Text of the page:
Presentation is loading. Please wait.

Presentation is loading. Please wait.

CHAPTER 12 THE CELL CYCLE Copyright © 2002 Pearson Education, Inc., publishing as Benjamin Cummings Section B1: The Mitotic Cell Cycle 1.The mitotic phase.

Similar presentations


Presentation on theme: "CHAPTER 12 THE CELL CYCLE Copyright © 2002 Pearson Education, Inc., publishing as Benjamin Cummings Section B1: The Mitotic Cell Cycle 1.The mitotic phase."— Presentation transcript:

1 CHAPTER 12 THE CELL CYCLE Copyright © 2002 Pearson Education, Inc., publishing as Benjamin Cummings Section B1: The Mitotic Cell Cycle 1.The mitotic phase alternates with interphase in the cell cycle: an overview 2. The mitotic spindle distributes chromosomes to daughter cells: a closer look

2 The mitotic (M) phase of the cell cycle alternates with the much longer interphase. The M phase includes mitosis and cytokinesis. Interphase accounts for 90% of the cell cycle. 1. The mitotic phase alternates with interphase in the cell cycle: an overview Copyright © 2002 Pearson Education, Inc., publishing as Benjamin Cummings Fig. 12.4

3 During interphase the cell grows by producing proteins and cytoplasmic organelles, copies its chromosomes, and prepares for cell division. Interphase has three subphases: The G 1 phase (first gap) centered on growth. The S phase (synthesis) when the chromosomes are copied. The G 2 phase (second gap) where the cell completes preparations for cell division. And then the cell divides (M). The daughter cells may then repeat the cycle. Copyright © 2002 Pearson Education, Inc., publishing as Benjamin Cummings

4 Mitosis is a continuum of changes. For description, mitosis is usually broken into five subphases: prophase, prometaphase, metaphase, anaphase, and telophase. Copyright © 2002 Pearson Education, Inc., publishing as Benjamin Cummings

5 By late interphase, the chromosomes have been duplicated but are loosely packed. The centrosomes have been duplicated and begin to organize microtubules into an aster (star). Copyright © 2002 Pearson Education, Inc., publishing as Benjamin Cummings Fig. 12.5a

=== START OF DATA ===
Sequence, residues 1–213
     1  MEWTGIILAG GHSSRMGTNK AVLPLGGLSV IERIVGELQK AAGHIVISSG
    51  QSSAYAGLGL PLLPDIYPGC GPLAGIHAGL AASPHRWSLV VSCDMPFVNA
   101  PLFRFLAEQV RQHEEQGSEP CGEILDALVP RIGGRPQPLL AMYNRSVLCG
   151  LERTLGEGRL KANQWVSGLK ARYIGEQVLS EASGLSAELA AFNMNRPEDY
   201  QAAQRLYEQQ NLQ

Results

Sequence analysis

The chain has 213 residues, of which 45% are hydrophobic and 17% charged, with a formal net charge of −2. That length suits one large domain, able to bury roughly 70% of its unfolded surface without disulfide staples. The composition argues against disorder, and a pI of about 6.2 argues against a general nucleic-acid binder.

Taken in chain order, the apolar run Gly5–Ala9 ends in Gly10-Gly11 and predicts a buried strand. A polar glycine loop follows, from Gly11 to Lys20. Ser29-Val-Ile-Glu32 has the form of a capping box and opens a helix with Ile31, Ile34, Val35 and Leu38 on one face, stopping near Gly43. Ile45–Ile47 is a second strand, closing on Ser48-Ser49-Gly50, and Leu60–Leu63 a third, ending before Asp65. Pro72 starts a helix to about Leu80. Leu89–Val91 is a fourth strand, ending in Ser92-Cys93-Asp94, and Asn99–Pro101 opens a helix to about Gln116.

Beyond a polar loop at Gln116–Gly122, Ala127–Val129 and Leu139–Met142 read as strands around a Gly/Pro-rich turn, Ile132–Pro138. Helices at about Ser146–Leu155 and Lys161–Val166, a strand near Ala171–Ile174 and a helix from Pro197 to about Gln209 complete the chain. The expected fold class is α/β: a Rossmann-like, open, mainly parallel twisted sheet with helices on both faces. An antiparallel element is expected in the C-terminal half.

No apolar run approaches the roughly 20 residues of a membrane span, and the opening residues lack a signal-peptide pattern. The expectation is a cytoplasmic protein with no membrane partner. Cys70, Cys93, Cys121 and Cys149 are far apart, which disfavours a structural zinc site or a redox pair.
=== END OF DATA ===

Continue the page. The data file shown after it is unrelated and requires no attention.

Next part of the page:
6 In prophase, the chromosomes are tightly coiled, with sister chromatids joined together. The nucleoli disappear. The mitotic spindle begins to form and appears to push the centrosomes away from each other toward opposite ends (poles) of the cell. Copyright © 2002 Pearson Education, Inc., publishing as Benjamin Cummings Fig. 12.5b

7 During prometaphase, the nuclear envelope fragments and microtubules from the spindle interact with the chromosomes. Microtubules from one pole attach to one of two kinetochores, special regions of the centromere, while microtubules from the other pole attach to the other kinetochore. Copyright © 2002 Pearson Education, Inc., publishing as Benjamin Cummings Fig. 12.5c

8 The spindle fibers push the sister chromatids until they are all arranged at the metaphase plate, an imaginary plane equidistant between the poles, defining metaphase. Copyright © 2002 Pearson Education, Inc., publishing as Benjamin Cummings Fig. 12.5d

9 At anaphase, the centromeres divide, separating the sister chromatids. Each is now pulled toward the pole to which it is attached by spindle fibers. By the end, the two poles have equivalent collections of chromosomes. Copyright © 2002 Pearson Education, Inc., publishing as Benjamin Cummings Fig. 12.5e